My cronies, I staun' here the nicht An ask ye for yer patience Tae tell ma tale and keep ye bricht Wi mair o' my orations I had prepared some stumblin' lines Wi thoughts o' referendum But news on Ne'erday change my mind Caused me tae amend them. For mair years than a can recall, Wi' humour, sangs an' clatter I've sat amangst ye in this hall Though Januar' winds might batter But this time roon' it's no the same, A feelin' hard tae capture An empty chair that bears his name Wha' held us a' in rapture. I wis a pair benighted chanter Wha hadnae played for ages. When, tae the folk club I did saunter. Tae try the Kestrel's stages An wha was I tae be sae bold It could hae been a blunder Ma knees were shakin' truth be told The strain that I was under. Ma e'en then lichted on a man Wha seemed tae hae some mettle He walkit up an shook my hand At once my hert did settle "Ye are a singer." he declaimed "Well that'll suit me fairly." "Whaur de ye cam frae? Whit's yer name? I'll pit ye on quite early." What I didnae quite ken then At that unsought encounter That Jack McCaig wid cam my friend An' be a guide and mentor. A count me lucky by a mile Twas me he took a shine to Cos he could be a richt thrawn chiel Wha said whit he'd a mind to. He'd work on fairms, he'd ploughed the riggs O' mony a fairmer worthy. And then at nicht he rest his legs Doon in the ploughman's bothy. An there he said he learned the sangs Frae men wha worked wi' horses Wi' tales o' woe and richts an' wrangs In thae cornkister verses Mony a day sat at his knee Regaled wi tales an' stories. The things he dae, the things he'd see While drivin' on the lorries. A big wheel man wha roped an' happed The cargo that he carried. Wi' coal an' steel an' a' sic trap That folk a' needed ferried. Balerno was his life lang hame He'd kent it since was wee. The Laird o' Glenbrook he became In his hoose beneath the tree. An' if ye took the time tae go Oot tae that stately pile. An' chappit at the the door ye'd know He'd greet ye wi a smile. An' evr'y Januar' at oor meets He' mak his contribution That had us rollin' in oor seats Wi muckle laughs an' hootin' An t'ward the end efter the turns As we a' kent he must do Tae gie "The Star o' Rabbie Burns" Roared oot wi' usual gusto. But sickness breaks the strongest herts As e'en oor Rob would find. The haughty laird, the lad o' pairts Still find themselves enchained An though he faucht it lang and hard Wi' a' his strenght resist it. Like oor Robin, Scotland's bard That mortal coil he slip't it. We've paid respect tae absent friends An' Jack he got a mention But here his story doesnae end And I'll hear nae dissension For though we hae an empty chair That nane o' us can 'herit I for ane still see him there, The least that he should merit. So fareweel then tae my pal Jack I liked tae cry him Faither, An' though my muse the pow'r may lack Tae 'scribe him as I'd raither. Ah'll ne'er forget a man like him I'm glad our paths did mingle. I wish him noo a hearty dram An' a warm seat by the ingle.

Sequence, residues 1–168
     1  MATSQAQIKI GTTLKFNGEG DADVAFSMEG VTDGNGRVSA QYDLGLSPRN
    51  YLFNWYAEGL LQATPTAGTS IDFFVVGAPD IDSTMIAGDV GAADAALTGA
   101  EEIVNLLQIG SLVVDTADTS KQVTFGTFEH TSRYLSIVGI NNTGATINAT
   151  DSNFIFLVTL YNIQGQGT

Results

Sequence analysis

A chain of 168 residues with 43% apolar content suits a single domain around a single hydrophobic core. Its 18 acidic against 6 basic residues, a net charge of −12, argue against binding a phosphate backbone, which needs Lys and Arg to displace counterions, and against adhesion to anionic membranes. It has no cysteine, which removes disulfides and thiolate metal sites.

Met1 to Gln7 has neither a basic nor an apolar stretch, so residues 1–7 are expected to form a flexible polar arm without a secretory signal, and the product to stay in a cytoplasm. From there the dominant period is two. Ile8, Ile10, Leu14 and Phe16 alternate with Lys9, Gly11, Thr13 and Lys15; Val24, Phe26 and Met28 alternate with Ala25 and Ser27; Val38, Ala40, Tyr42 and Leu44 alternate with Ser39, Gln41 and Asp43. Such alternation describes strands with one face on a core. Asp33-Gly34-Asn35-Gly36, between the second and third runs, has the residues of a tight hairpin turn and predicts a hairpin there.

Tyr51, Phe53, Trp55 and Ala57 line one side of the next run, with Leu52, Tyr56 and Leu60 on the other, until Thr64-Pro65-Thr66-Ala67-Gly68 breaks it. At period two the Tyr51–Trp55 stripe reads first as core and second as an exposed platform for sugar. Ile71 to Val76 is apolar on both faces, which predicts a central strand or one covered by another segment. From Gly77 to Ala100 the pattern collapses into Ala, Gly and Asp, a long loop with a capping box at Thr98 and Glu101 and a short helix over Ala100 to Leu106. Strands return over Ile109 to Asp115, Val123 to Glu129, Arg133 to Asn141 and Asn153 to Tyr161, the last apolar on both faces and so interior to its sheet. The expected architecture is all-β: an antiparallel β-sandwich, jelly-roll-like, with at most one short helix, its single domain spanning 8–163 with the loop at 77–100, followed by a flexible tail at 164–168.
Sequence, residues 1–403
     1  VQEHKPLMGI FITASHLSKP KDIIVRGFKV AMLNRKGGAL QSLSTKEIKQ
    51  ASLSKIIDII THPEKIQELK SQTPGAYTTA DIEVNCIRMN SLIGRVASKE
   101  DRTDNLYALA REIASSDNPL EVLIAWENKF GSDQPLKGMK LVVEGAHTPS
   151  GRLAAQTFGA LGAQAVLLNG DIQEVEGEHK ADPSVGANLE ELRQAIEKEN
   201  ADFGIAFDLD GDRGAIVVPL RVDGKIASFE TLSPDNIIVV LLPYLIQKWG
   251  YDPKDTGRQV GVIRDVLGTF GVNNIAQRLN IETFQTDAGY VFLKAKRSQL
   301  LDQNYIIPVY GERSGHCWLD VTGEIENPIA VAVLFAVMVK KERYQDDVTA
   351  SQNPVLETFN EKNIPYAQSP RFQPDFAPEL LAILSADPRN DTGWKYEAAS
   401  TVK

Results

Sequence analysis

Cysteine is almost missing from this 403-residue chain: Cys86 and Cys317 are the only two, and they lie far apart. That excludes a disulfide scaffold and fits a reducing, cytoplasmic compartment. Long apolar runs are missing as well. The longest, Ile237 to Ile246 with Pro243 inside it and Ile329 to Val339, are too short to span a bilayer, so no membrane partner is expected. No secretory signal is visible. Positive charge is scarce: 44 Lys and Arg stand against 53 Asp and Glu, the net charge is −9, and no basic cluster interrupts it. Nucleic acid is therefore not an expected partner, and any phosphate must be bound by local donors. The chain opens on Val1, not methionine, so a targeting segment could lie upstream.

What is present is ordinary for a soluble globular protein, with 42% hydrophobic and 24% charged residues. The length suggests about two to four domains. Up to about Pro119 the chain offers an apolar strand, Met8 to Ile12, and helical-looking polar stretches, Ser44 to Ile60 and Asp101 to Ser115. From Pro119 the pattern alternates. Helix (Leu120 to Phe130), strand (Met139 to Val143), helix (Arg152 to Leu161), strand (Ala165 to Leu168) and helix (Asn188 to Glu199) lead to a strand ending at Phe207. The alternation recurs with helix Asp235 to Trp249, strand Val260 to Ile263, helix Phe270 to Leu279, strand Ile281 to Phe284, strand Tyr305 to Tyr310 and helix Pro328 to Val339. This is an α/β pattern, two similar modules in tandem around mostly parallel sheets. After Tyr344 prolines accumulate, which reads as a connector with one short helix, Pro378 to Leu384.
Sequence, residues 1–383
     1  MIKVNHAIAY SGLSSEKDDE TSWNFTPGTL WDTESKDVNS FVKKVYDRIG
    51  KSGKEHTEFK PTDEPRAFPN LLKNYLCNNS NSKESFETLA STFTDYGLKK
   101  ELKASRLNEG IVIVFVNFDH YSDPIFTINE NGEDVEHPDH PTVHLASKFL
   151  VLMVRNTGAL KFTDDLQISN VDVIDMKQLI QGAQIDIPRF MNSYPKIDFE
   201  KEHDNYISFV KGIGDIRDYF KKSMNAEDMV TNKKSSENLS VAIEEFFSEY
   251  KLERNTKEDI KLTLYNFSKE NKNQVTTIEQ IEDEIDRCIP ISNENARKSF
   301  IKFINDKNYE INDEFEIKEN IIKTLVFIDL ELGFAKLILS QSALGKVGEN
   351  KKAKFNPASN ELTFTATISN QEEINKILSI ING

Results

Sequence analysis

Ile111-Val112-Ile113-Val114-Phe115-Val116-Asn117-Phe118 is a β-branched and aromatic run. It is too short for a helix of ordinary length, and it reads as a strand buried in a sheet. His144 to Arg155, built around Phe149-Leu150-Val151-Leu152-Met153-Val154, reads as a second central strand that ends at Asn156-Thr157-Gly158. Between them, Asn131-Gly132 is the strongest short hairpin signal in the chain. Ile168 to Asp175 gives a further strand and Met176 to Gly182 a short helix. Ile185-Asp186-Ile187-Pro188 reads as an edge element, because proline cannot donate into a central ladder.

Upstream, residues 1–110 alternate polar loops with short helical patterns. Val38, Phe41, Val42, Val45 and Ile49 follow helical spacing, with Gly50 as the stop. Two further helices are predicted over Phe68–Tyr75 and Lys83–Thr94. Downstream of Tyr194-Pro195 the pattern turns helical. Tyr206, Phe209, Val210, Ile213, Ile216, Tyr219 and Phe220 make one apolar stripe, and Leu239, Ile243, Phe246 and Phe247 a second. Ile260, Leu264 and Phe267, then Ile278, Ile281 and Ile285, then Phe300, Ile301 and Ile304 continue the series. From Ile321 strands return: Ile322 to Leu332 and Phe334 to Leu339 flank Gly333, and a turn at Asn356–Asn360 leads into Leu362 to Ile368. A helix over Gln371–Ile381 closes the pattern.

Bard – Marchbank Burns Club
Friday 30th January 2015